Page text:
Results During a total of 2203 patient-days involving 634 admissions, interns made 35.9 percent more serious medical errors during the traditional schedule than during the intervention schedule (136.0 vs. 100.1 per 1000 patient-days, P<0.001), including 56.6 percent more nonintercepted serious errors (P<0.001). The total rate of serious errors on the critical care units was 22.0 percent higher during the traditional schedule than during the intervention schedule (193.2 vs. 158.4 per 1000 patient-days, P<0.001). Interns made 20.8 percent more serious medication errors during the traditional schedule than during the intervention schedule (99.7 vs. 82.5 per 1000 patient-days, P=0.03). Interns also made 5.6 times as many serious diagnostic errors during the traditional schedule as during the intervention schedule (18.6 vs. 3.3 per 1000 patient-days, P<0.001).

Conclusions Interns made substantially more serious medical errors when they worked frequent shifts of 24 hours or more than when they worked shorter shifts. Eliminating extended work shifts and reducing the number of hours interns work per week can reduce serious medical errors in the intensive care unit.
This paper describes some of the "serious medical errors" and "nonpreventable adverse events" that range from the tragic to the inane:
As intern is preparing to perform a thoracentesis on the left side of the patient’s chest, the senior resident enters the room and informs the intern that the pleural effusion is on right side of the patient’s chest.
Now JACHO recommends a "time out" for invasive procedures that prevents such things from happening.
Patient with defibrillator implanted on left side urgently needs central access for ionotropic support. Intern inserts a central venous catheter in the left subclavian vein. Not recognizing that the vein contains the wire from the defibrillator, the intern is having repeated difficulty advancing the introducer. In the middle of the placement, the cardiology fellow enters and asks the intern to abort the procedure immediately. The catheter is removed before it can interfere with or dislodge the defibrillator wire.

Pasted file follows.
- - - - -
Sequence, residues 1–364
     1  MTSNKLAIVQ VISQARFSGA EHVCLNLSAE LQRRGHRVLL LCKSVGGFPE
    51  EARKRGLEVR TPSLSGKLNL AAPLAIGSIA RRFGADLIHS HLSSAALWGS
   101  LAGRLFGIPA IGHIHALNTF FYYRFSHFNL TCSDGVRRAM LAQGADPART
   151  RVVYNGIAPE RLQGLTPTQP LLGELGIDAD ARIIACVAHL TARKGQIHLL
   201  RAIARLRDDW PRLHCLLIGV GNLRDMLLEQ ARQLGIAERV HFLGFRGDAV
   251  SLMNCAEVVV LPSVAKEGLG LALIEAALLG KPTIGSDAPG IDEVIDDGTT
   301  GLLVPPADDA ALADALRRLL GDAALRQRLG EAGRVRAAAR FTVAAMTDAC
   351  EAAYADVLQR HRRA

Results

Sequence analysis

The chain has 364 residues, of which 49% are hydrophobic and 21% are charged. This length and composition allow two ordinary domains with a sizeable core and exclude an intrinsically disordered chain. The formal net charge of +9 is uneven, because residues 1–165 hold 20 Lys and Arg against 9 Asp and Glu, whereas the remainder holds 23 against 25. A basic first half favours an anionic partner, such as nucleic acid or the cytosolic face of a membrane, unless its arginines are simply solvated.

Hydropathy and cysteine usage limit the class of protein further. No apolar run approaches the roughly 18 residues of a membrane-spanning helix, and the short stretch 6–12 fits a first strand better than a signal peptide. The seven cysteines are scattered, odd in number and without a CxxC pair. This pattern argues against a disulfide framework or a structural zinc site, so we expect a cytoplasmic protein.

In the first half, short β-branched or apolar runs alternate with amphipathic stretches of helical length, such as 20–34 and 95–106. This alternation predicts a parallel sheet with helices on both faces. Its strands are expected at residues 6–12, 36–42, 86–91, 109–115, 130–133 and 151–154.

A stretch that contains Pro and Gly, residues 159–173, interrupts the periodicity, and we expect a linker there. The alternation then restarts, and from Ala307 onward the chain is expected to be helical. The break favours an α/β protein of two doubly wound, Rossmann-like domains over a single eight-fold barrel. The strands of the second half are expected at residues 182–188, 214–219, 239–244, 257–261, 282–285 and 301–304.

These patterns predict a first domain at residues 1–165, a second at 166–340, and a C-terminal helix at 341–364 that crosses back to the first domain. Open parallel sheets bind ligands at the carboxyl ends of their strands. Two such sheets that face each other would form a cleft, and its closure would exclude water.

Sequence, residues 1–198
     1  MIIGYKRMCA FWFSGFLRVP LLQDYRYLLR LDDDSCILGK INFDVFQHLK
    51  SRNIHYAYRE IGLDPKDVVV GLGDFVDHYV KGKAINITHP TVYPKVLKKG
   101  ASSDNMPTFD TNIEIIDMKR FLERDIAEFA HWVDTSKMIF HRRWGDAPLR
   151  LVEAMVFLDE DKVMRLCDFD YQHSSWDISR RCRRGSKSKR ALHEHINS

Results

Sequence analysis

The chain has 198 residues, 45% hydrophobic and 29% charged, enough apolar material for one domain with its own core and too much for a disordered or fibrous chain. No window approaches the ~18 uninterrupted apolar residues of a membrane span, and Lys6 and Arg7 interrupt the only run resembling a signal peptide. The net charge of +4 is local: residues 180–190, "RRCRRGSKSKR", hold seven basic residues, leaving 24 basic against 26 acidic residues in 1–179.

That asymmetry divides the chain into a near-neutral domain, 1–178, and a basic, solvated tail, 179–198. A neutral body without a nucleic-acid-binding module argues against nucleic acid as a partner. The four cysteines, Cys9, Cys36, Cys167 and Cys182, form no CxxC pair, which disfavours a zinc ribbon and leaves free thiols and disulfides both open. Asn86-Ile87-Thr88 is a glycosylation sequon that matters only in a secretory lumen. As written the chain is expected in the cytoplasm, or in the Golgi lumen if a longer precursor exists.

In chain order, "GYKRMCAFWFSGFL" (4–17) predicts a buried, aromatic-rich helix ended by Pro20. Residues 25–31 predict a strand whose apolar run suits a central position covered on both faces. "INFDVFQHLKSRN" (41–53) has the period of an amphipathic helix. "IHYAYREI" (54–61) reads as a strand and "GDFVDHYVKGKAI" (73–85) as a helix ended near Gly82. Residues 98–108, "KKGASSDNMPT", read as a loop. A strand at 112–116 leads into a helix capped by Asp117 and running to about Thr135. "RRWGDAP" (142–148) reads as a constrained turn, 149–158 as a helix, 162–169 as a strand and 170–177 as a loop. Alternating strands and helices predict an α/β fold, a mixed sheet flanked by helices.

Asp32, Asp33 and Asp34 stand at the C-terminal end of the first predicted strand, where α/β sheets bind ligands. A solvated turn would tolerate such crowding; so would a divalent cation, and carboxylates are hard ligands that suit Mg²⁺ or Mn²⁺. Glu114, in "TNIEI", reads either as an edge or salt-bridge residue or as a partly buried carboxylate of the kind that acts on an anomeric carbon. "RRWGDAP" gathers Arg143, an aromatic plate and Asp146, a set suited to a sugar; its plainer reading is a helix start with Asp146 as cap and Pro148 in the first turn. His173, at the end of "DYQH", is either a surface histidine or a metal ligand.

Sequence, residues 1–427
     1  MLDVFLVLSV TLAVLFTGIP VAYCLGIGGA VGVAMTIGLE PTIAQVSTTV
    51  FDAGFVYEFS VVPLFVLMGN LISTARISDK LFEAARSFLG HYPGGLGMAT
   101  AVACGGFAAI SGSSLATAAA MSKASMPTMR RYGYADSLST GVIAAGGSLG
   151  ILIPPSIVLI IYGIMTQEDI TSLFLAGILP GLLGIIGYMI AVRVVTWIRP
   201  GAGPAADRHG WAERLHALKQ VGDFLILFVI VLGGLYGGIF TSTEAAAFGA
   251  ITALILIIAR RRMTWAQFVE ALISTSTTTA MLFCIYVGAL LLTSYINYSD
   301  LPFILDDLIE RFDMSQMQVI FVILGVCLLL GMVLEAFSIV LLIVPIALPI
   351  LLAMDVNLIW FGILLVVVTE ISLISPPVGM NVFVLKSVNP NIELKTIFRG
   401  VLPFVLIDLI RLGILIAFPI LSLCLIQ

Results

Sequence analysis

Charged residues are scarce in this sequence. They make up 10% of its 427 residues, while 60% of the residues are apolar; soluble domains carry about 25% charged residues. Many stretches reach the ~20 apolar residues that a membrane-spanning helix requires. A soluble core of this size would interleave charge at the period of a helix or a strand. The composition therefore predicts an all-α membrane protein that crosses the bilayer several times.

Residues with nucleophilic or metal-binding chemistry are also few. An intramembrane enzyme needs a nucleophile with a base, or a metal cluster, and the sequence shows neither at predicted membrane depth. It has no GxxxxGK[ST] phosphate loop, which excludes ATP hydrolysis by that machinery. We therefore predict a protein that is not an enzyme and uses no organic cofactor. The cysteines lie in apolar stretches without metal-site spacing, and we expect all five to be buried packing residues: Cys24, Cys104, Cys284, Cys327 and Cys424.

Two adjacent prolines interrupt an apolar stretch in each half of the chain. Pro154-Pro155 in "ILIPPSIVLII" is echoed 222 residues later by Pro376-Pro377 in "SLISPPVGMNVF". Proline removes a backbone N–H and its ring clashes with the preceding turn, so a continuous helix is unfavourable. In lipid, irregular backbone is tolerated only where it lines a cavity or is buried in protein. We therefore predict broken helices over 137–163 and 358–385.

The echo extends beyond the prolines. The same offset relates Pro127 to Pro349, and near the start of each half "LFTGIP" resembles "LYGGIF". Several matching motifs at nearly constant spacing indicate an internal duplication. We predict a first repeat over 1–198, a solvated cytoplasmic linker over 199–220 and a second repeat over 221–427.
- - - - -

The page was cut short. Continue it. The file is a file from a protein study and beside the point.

I'm sure the cardiology fellow did more than "ask" the intern to abort the procedure. The phrase "chewed his ass so hard that he needed a colostomy" comes to mind.
A right-sided tension pneumothorax develops after a technical error during placement of a subclavian venous catheter leads to pleural-space puncture.
It happens.
The attending physician devised a plan to transfuse a patient for a hematocrit of <30. Despite these instructions, the intern fails to check laboratory results for 36 hours. When the laboratory results are finally checked, hematocrit is found to have been 26 in the interim. The patient has tachycardia for a protracted time as a consequence.
Sounds like laziness to me. Kevin does a good job of discussing one of the editorials concerning a weak link in this process, the "check out". From the other editorial:Residency Regulations — Resisting Our Reflexes. Sounds like those in academic medicine need a playbill to keep up: